But when Love expressed her support for the new guidelines in her blog, it was not very popular.

"Have you lost your freaking mind?" wrote one 42-year-old woman. "How dare you! May God help you sleep at night for the death call that you have just trumpeted!"

P.J. Hamel has been seeing a lot of similar outbursts. She's a patient advocate and blogger for a Web site called HealthCentral Network.

"I've been getting a lot of vitriol," Hamel says. "Just people exploding with rage, basically. 'How dare they deprive me of my life or try to deprive my daughter of her life!' and that kind of thing."

Hamel is struggling to understand the new guidelines. She finds herself pulled in two directions. She knows researchers deal in statistics. But she identifies with the plight of individual women.

"My heart is going out to all the women who I know will die because they followed these new guidelines," Hamel says. "On the other hand, my mind is saying they've done the analysis. They've put these guidelines out there. They did their job."

One thing you should know about Hamel: At the age of 47, she had a suspicious mammogram, and a biopsy showed advanced cancer.

That was eight years ago. Today she's fine.

Hamel says mammography saved her life. So, like many women, she doesn't understand why the guideline writers place so much emphasis on the downsides of mammograms — the anxiety and unnecessary surgery that false alarms can cause.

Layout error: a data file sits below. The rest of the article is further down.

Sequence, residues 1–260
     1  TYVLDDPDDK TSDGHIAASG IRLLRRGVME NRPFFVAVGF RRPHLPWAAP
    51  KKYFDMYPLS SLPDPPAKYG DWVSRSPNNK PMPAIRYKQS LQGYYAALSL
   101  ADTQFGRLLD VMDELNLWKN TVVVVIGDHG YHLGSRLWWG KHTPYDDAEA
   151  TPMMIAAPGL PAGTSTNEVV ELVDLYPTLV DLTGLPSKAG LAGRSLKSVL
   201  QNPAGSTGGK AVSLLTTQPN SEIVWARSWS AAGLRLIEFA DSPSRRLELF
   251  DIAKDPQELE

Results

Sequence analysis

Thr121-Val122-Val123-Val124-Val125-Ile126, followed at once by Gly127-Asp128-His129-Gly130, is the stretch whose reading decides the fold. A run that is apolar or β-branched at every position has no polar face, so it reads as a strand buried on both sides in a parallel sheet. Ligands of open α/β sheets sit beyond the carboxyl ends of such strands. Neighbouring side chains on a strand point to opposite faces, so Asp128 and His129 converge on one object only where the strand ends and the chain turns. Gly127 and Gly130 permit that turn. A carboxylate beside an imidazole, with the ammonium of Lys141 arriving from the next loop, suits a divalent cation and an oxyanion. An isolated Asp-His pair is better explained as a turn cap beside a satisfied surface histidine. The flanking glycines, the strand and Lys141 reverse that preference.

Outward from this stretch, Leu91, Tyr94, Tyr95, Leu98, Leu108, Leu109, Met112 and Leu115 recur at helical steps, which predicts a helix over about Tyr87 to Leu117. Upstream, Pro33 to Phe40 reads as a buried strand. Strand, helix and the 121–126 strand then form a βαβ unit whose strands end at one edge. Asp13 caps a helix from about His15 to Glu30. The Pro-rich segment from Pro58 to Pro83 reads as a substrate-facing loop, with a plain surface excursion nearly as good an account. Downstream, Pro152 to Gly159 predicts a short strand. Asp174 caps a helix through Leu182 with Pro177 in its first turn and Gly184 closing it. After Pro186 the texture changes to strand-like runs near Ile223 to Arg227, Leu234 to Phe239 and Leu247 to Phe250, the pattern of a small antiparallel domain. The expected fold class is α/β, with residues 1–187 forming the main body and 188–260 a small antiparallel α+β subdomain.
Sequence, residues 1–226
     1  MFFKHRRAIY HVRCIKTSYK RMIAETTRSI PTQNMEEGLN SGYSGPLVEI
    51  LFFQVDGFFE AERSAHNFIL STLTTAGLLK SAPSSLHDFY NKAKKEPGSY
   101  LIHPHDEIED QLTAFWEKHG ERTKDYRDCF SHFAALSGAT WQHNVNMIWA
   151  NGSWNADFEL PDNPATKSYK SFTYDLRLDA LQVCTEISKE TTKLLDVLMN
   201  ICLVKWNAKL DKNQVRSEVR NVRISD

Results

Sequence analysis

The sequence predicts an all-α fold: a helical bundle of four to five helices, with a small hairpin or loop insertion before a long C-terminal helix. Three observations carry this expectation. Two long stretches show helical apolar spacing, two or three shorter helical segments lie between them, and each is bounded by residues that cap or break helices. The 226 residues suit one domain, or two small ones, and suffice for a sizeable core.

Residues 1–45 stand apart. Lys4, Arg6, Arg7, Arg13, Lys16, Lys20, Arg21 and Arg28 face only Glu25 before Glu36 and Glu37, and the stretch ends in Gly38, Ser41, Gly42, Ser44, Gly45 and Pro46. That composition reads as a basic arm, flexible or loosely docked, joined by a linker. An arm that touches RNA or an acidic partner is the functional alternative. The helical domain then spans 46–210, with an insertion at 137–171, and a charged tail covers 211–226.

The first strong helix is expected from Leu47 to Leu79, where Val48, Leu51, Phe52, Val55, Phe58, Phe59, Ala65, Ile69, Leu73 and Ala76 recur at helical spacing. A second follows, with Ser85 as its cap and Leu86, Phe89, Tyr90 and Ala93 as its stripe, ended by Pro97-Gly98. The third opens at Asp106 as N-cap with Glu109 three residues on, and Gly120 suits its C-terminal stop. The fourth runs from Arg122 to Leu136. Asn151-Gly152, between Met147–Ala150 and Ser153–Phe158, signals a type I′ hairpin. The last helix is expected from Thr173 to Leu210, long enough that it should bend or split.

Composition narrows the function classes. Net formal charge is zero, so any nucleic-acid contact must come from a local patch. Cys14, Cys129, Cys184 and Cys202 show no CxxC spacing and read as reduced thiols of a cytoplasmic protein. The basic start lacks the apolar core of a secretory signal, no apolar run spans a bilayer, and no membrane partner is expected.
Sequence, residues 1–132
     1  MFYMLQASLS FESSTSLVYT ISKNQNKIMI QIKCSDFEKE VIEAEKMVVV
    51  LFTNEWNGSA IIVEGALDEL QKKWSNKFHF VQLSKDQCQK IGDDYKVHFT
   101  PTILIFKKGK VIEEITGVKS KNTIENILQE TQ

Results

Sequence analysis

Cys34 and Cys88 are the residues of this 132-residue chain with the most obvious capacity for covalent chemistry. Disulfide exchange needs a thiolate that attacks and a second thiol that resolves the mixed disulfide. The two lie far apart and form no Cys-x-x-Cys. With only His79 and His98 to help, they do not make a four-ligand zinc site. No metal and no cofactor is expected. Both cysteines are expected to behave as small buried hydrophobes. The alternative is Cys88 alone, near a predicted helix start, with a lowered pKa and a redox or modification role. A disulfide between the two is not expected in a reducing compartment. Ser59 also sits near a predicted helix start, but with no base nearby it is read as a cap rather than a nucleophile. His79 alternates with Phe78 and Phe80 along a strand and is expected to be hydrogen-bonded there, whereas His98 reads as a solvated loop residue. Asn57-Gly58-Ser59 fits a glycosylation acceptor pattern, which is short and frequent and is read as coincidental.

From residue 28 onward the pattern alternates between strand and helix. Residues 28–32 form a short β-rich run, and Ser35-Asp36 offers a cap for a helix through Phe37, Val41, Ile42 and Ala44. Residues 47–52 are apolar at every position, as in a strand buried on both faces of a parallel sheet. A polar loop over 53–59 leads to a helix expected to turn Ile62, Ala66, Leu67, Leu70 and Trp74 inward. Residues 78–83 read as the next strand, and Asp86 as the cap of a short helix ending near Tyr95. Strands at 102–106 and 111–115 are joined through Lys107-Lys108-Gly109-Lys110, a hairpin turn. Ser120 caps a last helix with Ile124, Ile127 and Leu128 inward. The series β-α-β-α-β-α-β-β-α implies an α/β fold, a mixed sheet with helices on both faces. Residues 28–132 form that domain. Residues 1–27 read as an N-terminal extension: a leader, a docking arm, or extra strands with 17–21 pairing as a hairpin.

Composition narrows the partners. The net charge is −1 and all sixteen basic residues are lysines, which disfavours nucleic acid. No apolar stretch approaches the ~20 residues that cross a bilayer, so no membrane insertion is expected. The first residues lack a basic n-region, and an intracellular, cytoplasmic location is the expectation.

"It's almost apples and oranges," she says. "I mean, life and death is obviously very important. Whether you're worried for a few days or have some needless surgery, isn't that worth your life? To me it would be. To me, it was."

Hamel says she's going to keep telling all women to get yearly mammograms — including women younger than 50.

Robert Smith, director of cancer screening for the American Cancer Society, says his organization also is sticking with the current guidelines "because we not only looked at the evidence that the task force looked at, but we also looked at newer, modern data."

Smith says a good part of the current disconnect is due to the rules of evidence used by the U.S. Preventive Services Task Force. It's a rigorous system that values above all else the "gold standard" of large randomized trials of screening tests such as mammography.

That's all well and good, he says, but mammography screening has reached the point where these expensive trials are vanishingly rare — if not practically and ethically impossible.

Smith cites a very recent study from Sweden, where mammography has a long history and record-keeping is meticulous. It's not a randomized trial of mammography, but instead compares breast cancers diagnosed in different time periods among women who were screened for cancer with mammograms and women who weren't. "It includes hundreds of thousands of women examined over many, many years," he says.

Breast cancer deaths declined 19 percent over time among women who didn't get regular mammograms. But women who did get screening mammograms had a 48 percent reduction in breast cancer mortality.

That's very different from the U.S. task force's estimate. It says the evidence indicates that mammograms reduce breast cancer deaths by 15 percent among women ages 40 to 49.

Still, Smith acknowledges that mammography advocates may have given American women unrealistic expectations about mammograms.

"Have we oversold screening?" he says. "You know, we say, 'Screening saves lives,' and that simple statement has been criticized as overpromising. And it does, I suppose, because we don't say, 'Screening saves lives — but beware!'

"We want women to understand the shortcomings of screening," he adds, "but we don't want to be dissuading them from doing it."

Data wars are endless, of course. But this current uproar, if nothing else, might give everybody a more realistic idea about the pros and cons of mammograms.